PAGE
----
Esta página no está disponible en español.
THE MIAMI HERALD
Hopes Are High For Farm-Raised Cobia
Fish Headed To Miami, Compete With Salmon
BY SUSAN COCKING
April 3, 2003
Coming soon to a fine seafood restaurant near you: farm-raised cobia.
Daniel Benetti, associate professor at University of Miami's Rosenstiel School and head of the aquaculture program, teamed with fish farmers in Puerto Rico to produce nearly 10,000 cobia -- tasty brown and white fish resembling sharks with no teeth. Samples of those cobia, averaging five to six pounds, will arrive at JC Seafood in Miami in the next couple of weeks.
''It's going to give salmon a run for the money,'' Benetti said.
The eternal quest of aquaculturists is to spawn, raise and grow out a species on a large scale, then sell it at a profit without crossing any environmental laws. Benetti and his partners, Brian O'Hanlon and Joe Ayvazian of Snapperfarm, Inc. claim they have found ways to do that.
''The cobia outperforms all others in terms of aquaculture,'' Benetti declared. ``The profitability of the business is higher than others.''
Cobia grow much faster than salmon, according to Benetti -- up to 16 pounds in one year, or one pound for every pound of enriched pellets they consume. Salmon take up to three years to reach similar size.
''[Cobia] have incredible capability to transform what they eat to flesh,'' Benetti said.
But the biggest breakthrough, according to Benetti, is that cobia are raised from four-inch fingerlings to dinner-table entrees in offshore cages which don't harm the environment. In previous efforts by other countries, the fish were crowded into ponds and cages in coastal areas where they polluted the inshore waters and soil.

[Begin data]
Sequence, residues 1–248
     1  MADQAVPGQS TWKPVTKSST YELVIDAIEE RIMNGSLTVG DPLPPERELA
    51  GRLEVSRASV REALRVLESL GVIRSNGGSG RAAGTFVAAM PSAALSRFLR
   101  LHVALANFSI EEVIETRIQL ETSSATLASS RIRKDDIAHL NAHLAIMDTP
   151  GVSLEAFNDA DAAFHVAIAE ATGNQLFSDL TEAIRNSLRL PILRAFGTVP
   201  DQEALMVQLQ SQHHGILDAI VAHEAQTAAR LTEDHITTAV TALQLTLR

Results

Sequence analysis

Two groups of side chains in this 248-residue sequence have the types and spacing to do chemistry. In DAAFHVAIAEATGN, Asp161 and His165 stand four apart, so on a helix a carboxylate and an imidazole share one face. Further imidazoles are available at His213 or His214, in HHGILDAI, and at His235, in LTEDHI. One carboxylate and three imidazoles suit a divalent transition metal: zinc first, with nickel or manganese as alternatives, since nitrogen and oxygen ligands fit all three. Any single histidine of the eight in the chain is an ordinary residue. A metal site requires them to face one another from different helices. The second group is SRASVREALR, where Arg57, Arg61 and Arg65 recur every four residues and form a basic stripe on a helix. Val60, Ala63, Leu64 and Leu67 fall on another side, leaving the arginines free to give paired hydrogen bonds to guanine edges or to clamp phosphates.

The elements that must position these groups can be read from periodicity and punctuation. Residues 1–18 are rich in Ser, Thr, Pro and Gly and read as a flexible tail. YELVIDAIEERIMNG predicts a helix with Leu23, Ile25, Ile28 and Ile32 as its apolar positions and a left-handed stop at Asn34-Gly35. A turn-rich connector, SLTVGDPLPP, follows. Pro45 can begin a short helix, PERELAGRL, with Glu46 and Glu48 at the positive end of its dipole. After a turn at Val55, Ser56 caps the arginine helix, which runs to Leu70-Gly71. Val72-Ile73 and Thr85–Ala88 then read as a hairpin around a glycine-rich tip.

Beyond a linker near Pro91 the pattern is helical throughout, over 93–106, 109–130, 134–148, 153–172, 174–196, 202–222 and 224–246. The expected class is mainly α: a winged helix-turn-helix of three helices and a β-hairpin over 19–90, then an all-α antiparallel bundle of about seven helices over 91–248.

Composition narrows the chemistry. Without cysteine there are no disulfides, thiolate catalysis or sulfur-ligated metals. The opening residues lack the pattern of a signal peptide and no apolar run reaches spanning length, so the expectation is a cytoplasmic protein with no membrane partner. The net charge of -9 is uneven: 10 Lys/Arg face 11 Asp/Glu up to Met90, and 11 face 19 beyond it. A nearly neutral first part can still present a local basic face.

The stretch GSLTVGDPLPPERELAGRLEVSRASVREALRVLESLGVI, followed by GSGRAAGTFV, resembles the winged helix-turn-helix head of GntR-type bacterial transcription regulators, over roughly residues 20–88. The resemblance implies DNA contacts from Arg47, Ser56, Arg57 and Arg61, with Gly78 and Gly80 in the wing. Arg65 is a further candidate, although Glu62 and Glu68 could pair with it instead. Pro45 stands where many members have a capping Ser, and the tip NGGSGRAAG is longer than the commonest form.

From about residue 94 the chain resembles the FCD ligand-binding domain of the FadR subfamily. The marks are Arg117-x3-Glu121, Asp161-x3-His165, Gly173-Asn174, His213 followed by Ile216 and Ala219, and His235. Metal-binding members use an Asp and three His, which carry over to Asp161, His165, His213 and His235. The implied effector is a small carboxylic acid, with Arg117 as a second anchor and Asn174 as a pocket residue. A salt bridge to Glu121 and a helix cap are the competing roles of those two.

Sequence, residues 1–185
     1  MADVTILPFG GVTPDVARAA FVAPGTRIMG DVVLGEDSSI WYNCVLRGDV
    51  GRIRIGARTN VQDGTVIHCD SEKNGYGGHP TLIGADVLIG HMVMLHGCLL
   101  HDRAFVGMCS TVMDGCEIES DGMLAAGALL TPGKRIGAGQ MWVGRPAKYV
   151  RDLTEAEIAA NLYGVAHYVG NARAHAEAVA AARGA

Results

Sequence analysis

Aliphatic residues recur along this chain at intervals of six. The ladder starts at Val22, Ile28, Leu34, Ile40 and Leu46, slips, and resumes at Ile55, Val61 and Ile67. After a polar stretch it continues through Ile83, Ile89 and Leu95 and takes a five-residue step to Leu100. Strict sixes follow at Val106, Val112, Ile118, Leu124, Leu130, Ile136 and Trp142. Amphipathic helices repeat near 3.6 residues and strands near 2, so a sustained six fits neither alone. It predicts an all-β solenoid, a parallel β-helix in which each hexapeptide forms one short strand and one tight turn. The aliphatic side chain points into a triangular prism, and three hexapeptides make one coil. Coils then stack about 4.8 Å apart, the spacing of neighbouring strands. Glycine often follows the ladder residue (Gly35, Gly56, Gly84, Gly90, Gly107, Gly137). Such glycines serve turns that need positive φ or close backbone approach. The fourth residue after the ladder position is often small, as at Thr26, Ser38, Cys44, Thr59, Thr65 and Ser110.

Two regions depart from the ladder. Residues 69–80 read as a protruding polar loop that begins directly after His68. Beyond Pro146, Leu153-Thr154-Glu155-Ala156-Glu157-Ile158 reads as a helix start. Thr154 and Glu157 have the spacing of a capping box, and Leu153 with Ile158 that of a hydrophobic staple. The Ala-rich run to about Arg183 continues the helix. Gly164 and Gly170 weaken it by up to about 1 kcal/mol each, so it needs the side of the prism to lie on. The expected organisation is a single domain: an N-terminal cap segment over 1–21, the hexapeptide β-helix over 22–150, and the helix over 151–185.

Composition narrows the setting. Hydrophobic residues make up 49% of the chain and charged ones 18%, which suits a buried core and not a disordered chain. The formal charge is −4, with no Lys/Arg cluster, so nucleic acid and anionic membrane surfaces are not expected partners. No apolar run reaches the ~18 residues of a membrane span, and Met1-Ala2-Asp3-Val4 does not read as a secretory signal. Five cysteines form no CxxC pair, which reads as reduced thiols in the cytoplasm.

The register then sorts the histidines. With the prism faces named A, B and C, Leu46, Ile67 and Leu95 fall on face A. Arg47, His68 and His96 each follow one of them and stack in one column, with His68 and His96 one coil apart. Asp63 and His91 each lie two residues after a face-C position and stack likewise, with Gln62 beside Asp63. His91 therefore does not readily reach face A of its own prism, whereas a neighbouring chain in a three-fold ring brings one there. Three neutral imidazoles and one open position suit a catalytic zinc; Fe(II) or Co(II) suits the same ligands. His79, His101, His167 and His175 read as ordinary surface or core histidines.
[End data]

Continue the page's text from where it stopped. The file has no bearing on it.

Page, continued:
The cobia coming to Miami have spent the past seven months in two 3,000-cubic-meter galvanized steel-and-net holding pens 90-feet deep off Puerto Rico's Culebra Island.
''You don't need pumps and filters because the ocean does everything for you,'' Benetti said. ``In deep water, with the current ripping through the cages, parasites pass through the mesh. The offshore environment is pristine.''
Benetti started growing his cobias in 2001 -- literally from scratch. First, he obtained brood stock from nine to 25 pounds from fishermen at Marathon. He quarantined the fish in a hatchery he built on Grassy Key, carefully controlling light and water temperature to make them think it was spring and time to spawn. They did this with a vengeance -- producing millions of eggs which were placed in an incubator and hatched in one day.
Benetti fed the tiny fish zooplankton for a few weeks until they were ready to eat pellets. At that point, they also began to eat one another, causing about 90 percent mortality. But the scientist still had thousands of fingerlings, which he shipped in huge styrofoam boxes to Snapperfarm in Puerto Rico. O'Hanlon and Ayvazian loaded the fish into a boat and took them to the offshore cages about two miles off Culebra, where they have flourished.
''We feed them every day, twice a day and clean the nets. There's no impact by what we're doing,'' O'Hanlon said.
The partners were assisted by the Culebra Association of Fishermen and the Puerto Rico Industrial Development Corp. Soon, they will harvest some of the choicest fish and ship them to JC Seafood.
''The more people who find out about it and taste it, it will be distributed all over the world,'' Ayvazian said.
Jimmy O'Hanlon, Brian's uncle and operator of JC Seafood, can't wait for the fish to arrive. He's going to hand out samples to top customers, such as Miami Beach's Nobu restaurant. He expects to sell the fish wholesale for $4 to $5 per pound.
''It's not just sushi. We're going to give it to other restaurants where it can be grilled or broiled,'' Jimmy O'Hanlon said. ``I think it's going to do well.''